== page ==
dielectric properties of low-density polyethylene/MgO composites with different size fillers. At all the measurement temperatures, the conductivity is decreased and the permittivity is increased by the addition of fillers, irrespective of their sizes. However, the conductivity decrease is more significant and the permittivity increase is suppressed more in the case of the nm fillers. In addition to this, O.O. Daramola et al.14studied the tensile and hydrophilic properties of low-density polyethylene/ titania composites. Authors demonstrated that an optimum combination of mechanical and hydrophilic properties of low-density polyethylene for water-based applications can be achieved by filling the matrix with 1-3 volume % of TiO2 particles, 0.5 μιτι in size.

In this study, we present the results obtained in the preparation and characterization of LDPE-based nanocomposites, prepared with both pure and stearic acid-treated Al2O3.

Low-density polyethylene (LDPE) is a commercial polymer with a wide range of applications. This polyolefin presents high flexibility, good processability and excellent resistance to dilute and concentrated acids, alcohols, esters and bases.15

Alumina Al2O3was selected as a filler for the LDPE due to its excellent dielectric properties. Its surface treatment with stearic acid was carried out to improve the quality of polymer/filler interfaces, thus ensuring compatibility and good dispersion of the filler into the polymeric matrix.

Several researchers have studied the behaviour of the LDPE/ Al2O3 nanocomposites,16-18 Thus, Si-Jiao Wang et al.16reported that the modified nano-Al2O3 particles with vinyl silane coupling can be homogeneously dispersed in LDPE matrix. Effects of g-radiation on dielectric properties of LDPE-Al2O3 nanocom-posites have been studied by F. Ciuprina et al.17Finally, O.K. Mallem18 has investigated the physicochemical properties of LDPE/Al2O3 and PP/Al2O3 compositions.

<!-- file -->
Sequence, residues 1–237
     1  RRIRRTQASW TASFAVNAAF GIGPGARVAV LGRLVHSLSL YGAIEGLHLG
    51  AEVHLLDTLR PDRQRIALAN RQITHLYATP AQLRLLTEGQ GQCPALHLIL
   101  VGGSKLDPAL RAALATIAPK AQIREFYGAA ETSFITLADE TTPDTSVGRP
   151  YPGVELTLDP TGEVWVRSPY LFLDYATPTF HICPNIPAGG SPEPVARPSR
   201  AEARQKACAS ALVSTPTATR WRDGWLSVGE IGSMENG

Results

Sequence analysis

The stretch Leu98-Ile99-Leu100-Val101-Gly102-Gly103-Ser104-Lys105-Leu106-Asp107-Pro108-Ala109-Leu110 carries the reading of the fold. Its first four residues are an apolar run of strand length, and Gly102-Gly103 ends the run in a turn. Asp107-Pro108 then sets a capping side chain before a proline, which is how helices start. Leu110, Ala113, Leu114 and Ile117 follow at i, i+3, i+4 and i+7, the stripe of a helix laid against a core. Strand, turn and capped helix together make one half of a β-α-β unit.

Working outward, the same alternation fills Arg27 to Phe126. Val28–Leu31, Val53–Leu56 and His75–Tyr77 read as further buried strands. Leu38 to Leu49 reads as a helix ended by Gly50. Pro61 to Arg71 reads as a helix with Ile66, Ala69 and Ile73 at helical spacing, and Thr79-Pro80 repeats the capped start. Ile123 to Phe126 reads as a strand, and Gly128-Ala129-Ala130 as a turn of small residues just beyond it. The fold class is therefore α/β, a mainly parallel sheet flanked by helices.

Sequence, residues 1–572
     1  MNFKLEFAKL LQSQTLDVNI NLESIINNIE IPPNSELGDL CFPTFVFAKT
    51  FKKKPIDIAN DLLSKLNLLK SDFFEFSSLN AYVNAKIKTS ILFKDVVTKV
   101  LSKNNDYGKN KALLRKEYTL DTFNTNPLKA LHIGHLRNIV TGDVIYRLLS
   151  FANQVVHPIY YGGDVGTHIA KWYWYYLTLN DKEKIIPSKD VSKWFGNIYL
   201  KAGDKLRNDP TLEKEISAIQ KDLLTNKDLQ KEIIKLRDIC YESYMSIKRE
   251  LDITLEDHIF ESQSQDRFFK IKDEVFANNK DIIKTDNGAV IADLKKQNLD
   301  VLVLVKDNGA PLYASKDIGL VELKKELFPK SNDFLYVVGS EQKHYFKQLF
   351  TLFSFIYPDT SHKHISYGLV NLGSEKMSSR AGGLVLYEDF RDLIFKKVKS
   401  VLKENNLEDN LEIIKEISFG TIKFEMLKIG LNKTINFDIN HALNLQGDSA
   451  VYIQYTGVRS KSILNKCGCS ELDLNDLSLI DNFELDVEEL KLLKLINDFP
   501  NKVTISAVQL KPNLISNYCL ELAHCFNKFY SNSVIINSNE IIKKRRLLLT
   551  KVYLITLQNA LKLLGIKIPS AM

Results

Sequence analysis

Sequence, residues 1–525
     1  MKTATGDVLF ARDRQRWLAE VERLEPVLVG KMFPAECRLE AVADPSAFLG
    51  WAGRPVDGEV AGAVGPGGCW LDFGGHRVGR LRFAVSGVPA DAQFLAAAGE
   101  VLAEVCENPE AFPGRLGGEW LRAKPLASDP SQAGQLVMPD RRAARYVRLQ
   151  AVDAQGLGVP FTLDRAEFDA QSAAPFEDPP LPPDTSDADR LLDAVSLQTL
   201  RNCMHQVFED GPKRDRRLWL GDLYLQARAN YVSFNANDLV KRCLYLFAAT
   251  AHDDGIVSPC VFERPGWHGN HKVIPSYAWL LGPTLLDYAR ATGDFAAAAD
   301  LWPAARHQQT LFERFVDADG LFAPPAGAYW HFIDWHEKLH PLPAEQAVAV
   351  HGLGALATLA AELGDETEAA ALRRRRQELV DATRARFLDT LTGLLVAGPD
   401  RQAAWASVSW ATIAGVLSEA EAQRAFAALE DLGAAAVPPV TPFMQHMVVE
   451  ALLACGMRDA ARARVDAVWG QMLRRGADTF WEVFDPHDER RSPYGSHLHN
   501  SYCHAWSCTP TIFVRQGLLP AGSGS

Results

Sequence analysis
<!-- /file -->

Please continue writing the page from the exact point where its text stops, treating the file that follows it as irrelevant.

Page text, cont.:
2. Experimental

2.1. Materials

Low-density polyethylene LDPE (Sabic), from Saudi Basic Industries Corporation, was used as received. Density = 961 kg m-3. Melt flow rate = 0.7 g 10 min-1 (at 190 °C and 2.16 kg) Alumina Al2O3 was supplied by Aldrich Company. Molecular weight = 101.96 g mol-1. Particle sizes about 100 μm. Stearic acid was supplied by Merck. Bulk density: 400-500 kg m-3.

2.2. Mechanical Treatment of Al2O3

In the present work we deal with the use of the co-mixing method as a fast, inexpensive and non-harmful physical technique. In order to reduce the size of the alumina filler, it was ground using coffee grinder of Clatronic Bomann (see Fig. 1).

The use of the stearic acid, which is a lubricant for certain polymers, facilitates the dispersion of the Al2O3 particles into the LDPE matrix.

The presence of agglomerations in LDPE/Al2O3 composites conventional elaboration techniques led us to use this innovative method. Properties were improved and no agglomerations were observed.

For the preparation of some samples, the Al2O3 was mechanically modified with stearic acid using the co-mixing method in order to improve the compatibility between the matrix (LDPE) and the filler (Al2O3). Thus, the Al2O3 and the stearic acid at 50/50 wt% (each filler particle must be covered by the stearic acid in order to facilitate its dispersion into the LDPE matrix) were co-mixed.

2.3. Nanocomposites Preparation

Two series of compositions with different filler contents were prepared, one using the neat Al2O3, and the other one the stearic acid (treated one). The samples classified as 'BNA' were those prepared using the neat filler, whereas 'BA' designs the compositions prepared with the treated one. For this purpose, either the neat Al2O3, or the mixture Al2O3/stearic acid were added to the LDPE in proportions of 0.5,1 and 2 wt% by using a Brabender plastograph. The working conditions were the following: rotation speed = 30 rpm, temperature = 190 °C. The total working time was 10 min: 3 min for the LDPE, in order to lower the viscosity, and then, 7 min more once the filler was added, to well disperse it into the polymeric matrix.

The different prepared formulations are included in Table 1.

 

 

3. Characterization

3.1. Morphology

The microstructure of the neat LDPE and the LDPE/Al2O3 composites was investigated by scanning electron microscopy using an XL 30 ESEM equipment. The samples were analyzed without metallization of their surfaces.